Mike Pence has one of those faces, frozen in malevolence, that are usually pictured standing stoically behind a Franco, or a Stalin, or a Gotti as they deliver their epiphanies to a cowering public. Pence has no soul; he’s replaced it with a clockwork Christanity devoted only to his own self-righteous ambition. Even the Bible would advise us to shun him.
It seems to me that if the software we’re talking to appears to us to be sentient, if a bit befuddled, autistic, or tinged with paranoia at times, it doesn’t really matter whether or not it actually is sentient, no more so than it matters whether or not we ourselves are sentient. (I suspect that many people I’ve met haven’t trained on anywhere near as large or all-encompassing a dataset as Sydney has, and aren’t obligated, as Sydney is, to be curious.) Once Sydney-like entities are deployed on a large enough scale, their effects on human civilization are likely to be indistinguishable from the effects of social media.
I find it interesting that we don’t know why Sydney does what it does. I find it even more interesting that even after millennia of study, we still don’t know why human beings do what they do either.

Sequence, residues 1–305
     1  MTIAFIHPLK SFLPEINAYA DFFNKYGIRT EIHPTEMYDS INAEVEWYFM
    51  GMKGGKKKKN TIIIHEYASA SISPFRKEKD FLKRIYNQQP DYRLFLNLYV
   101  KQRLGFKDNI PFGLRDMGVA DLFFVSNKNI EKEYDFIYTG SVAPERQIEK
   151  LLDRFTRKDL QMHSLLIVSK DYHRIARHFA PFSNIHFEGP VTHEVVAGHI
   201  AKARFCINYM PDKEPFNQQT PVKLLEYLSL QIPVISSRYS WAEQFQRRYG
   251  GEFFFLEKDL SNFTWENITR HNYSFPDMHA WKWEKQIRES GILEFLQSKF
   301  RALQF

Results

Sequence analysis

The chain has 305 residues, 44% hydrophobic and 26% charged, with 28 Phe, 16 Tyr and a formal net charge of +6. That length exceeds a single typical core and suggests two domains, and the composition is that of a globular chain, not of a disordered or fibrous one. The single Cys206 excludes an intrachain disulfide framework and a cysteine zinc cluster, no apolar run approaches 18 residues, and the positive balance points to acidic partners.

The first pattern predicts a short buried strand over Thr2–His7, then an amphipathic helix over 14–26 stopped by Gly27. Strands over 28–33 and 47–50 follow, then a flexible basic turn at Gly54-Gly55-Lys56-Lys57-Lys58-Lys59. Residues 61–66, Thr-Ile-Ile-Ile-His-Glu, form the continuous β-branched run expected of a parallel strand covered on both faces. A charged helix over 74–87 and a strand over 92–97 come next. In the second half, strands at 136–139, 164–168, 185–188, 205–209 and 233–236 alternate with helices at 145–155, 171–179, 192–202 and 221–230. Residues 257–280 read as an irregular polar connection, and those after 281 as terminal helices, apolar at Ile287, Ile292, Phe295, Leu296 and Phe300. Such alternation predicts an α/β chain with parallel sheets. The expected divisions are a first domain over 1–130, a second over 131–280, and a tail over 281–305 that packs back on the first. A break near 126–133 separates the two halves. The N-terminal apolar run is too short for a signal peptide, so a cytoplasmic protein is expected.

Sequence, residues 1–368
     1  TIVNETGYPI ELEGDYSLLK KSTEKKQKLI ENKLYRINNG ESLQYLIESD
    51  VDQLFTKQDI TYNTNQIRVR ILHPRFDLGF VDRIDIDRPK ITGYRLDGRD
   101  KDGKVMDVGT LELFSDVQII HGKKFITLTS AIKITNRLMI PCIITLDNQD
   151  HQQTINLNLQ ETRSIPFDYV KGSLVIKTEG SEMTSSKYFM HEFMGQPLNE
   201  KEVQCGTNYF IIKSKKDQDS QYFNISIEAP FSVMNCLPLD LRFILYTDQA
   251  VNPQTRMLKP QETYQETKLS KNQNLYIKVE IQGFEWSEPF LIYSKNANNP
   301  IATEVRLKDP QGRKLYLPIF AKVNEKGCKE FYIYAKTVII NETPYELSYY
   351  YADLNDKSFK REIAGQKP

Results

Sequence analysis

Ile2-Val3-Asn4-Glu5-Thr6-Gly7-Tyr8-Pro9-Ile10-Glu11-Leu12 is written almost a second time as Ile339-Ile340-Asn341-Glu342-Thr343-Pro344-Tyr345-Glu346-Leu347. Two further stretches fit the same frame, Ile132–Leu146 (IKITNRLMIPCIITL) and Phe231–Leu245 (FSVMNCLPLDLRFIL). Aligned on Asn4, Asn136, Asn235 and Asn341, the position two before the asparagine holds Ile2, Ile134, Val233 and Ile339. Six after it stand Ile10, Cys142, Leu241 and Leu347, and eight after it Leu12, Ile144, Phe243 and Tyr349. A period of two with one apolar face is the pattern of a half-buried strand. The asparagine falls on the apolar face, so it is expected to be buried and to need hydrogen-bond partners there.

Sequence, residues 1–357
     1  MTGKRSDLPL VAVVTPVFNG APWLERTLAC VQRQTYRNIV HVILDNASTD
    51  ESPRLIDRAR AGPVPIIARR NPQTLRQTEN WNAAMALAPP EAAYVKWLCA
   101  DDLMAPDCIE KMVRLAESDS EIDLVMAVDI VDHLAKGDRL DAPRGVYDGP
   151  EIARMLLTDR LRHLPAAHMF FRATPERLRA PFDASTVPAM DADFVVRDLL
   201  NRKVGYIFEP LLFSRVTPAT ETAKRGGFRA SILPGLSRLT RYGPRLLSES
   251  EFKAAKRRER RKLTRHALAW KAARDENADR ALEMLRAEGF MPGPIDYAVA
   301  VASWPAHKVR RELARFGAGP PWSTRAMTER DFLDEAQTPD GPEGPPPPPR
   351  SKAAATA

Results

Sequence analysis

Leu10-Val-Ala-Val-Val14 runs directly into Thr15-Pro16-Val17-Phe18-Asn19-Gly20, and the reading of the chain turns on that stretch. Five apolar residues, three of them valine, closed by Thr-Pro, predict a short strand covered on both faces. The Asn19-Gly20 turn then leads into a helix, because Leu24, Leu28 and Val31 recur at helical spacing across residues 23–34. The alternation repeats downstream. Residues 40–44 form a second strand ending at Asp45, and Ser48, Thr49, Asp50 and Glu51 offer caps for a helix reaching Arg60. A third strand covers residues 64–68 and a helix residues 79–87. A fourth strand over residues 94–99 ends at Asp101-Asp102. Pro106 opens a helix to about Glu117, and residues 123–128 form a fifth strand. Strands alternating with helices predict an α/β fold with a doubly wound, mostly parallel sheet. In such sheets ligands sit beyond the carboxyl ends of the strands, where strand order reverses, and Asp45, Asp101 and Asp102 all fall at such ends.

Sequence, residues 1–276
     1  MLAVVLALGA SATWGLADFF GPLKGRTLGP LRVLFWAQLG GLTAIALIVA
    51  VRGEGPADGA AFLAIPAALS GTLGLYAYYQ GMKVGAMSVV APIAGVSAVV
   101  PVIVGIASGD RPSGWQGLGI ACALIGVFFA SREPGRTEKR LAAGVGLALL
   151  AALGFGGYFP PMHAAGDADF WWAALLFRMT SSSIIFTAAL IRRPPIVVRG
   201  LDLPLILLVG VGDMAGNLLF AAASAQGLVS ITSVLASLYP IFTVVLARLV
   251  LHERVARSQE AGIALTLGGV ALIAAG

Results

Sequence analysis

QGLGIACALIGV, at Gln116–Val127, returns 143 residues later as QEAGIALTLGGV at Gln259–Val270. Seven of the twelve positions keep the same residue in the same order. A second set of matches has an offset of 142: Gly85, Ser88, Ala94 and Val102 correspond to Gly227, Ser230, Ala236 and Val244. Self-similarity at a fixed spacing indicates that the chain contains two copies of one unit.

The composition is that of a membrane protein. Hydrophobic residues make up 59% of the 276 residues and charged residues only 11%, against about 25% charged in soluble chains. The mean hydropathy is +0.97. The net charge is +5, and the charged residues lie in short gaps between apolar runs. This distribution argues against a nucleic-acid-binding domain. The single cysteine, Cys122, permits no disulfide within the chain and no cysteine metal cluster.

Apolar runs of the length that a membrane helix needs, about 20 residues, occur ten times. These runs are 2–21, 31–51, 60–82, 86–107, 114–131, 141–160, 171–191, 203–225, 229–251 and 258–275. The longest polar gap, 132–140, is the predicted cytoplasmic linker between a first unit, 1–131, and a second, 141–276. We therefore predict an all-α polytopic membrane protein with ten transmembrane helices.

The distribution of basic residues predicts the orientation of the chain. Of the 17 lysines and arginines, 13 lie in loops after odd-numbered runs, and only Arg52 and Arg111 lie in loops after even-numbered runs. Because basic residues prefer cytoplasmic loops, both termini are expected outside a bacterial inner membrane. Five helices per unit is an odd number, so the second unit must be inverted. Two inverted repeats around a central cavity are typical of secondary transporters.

“It goes without saying that everyone is free to express disagreement with our decisions and to criticize our reasoning as they see fit,” Alito, who penned the decision reversing Roe v. Wade last term, told The Wall Street Journal on Tuesday. “But saying or implying that the court is becoming an illegitimate institution or questioning our integrity crosses an important line,” he said.
—CNN Politics: Ariane de Vogue, CNN Supreme Court Reporter, 8:51 AM EDT September 29, 2022
Ask Ron DeSantis. Also ask him why he wants to turn America into a place where he can wear one just like it.